Social media has changed the way we interact with each other, with our peers, and with the world.
The originators of Facebook thought it’d be fun to share a good experience you had at your favorite restaurant or share a picture of your little leaguer hitting the winning run, but it’s gone beyond that.
Monitoring the various collision-related Facebook pages, hardly a week goes by when some shop owner doesn’t create a post, lamenting their seemingly hopeless situation, dealing with insurance companies, dealing with customers that want everything “thrown-in,” including the deductible, and trying to find and keep good help. The post usually ends with “That’s it. I’ve had it!”
Then, the conversation usually goes like this: “I could close my shop, but then what would I do … work as a line tech for another shop? I’m still in my 40’s but the challenges of body work have wrecked my back and standing on concrete all day has wrecked my legs. This is the only job I’ve known since I was 16. What do I do now?”
The answer is – there’s plenty to do. Being a shop owner, you have experience and knowledge that is transferable to other corners of the collision repair industry. Stop and think of all the companies that produce products and services that support your efforts as a collision repair shop, and all the managers, representatives, and other workers they employ. Your experience as a shop owner (or technician, or painter) is invaluable to them.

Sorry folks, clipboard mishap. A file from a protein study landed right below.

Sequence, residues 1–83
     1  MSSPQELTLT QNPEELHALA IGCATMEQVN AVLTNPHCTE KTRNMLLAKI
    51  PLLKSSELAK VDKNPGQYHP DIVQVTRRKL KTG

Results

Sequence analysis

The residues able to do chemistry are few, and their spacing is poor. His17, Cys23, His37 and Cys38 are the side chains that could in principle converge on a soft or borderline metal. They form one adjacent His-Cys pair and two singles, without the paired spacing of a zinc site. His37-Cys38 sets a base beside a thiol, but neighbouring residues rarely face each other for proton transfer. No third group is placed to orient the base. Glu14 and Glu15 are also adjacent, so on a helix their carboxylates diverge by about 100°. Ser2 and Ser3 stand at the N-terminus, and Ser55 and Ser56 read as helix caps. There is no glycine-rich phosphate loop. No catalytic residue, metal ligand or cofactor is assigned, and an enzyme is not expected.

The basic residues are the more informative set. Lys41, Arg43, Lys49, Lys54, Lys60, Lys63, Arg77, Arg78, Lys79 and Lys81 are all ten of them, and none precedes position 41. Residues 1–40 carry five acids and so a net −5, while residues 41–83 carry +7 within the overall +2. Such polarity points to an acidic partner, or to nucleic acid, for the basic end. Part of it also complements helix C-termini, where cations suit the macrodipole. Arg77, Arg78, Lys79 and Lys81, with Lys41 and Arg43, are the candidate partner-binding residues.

Here are a few to consider:
HD Truck Repair: Consider the heavy truck and specialty vehicle industry if you enjoy working with your hands and seeing the physical results of your efforts. This includes repairing tractor-trailer rigs or specialty vehicles like fire trucks or ambulances. The work is no less strenuous than working on automobiles, but insurance adjusters rarely question an estimate. The labor rate runs $100 to $150 per hour, and with a guesstimated 2,000 heavy truck shops in the country, there is less competition as opposed to the 35,000 auto collision shops.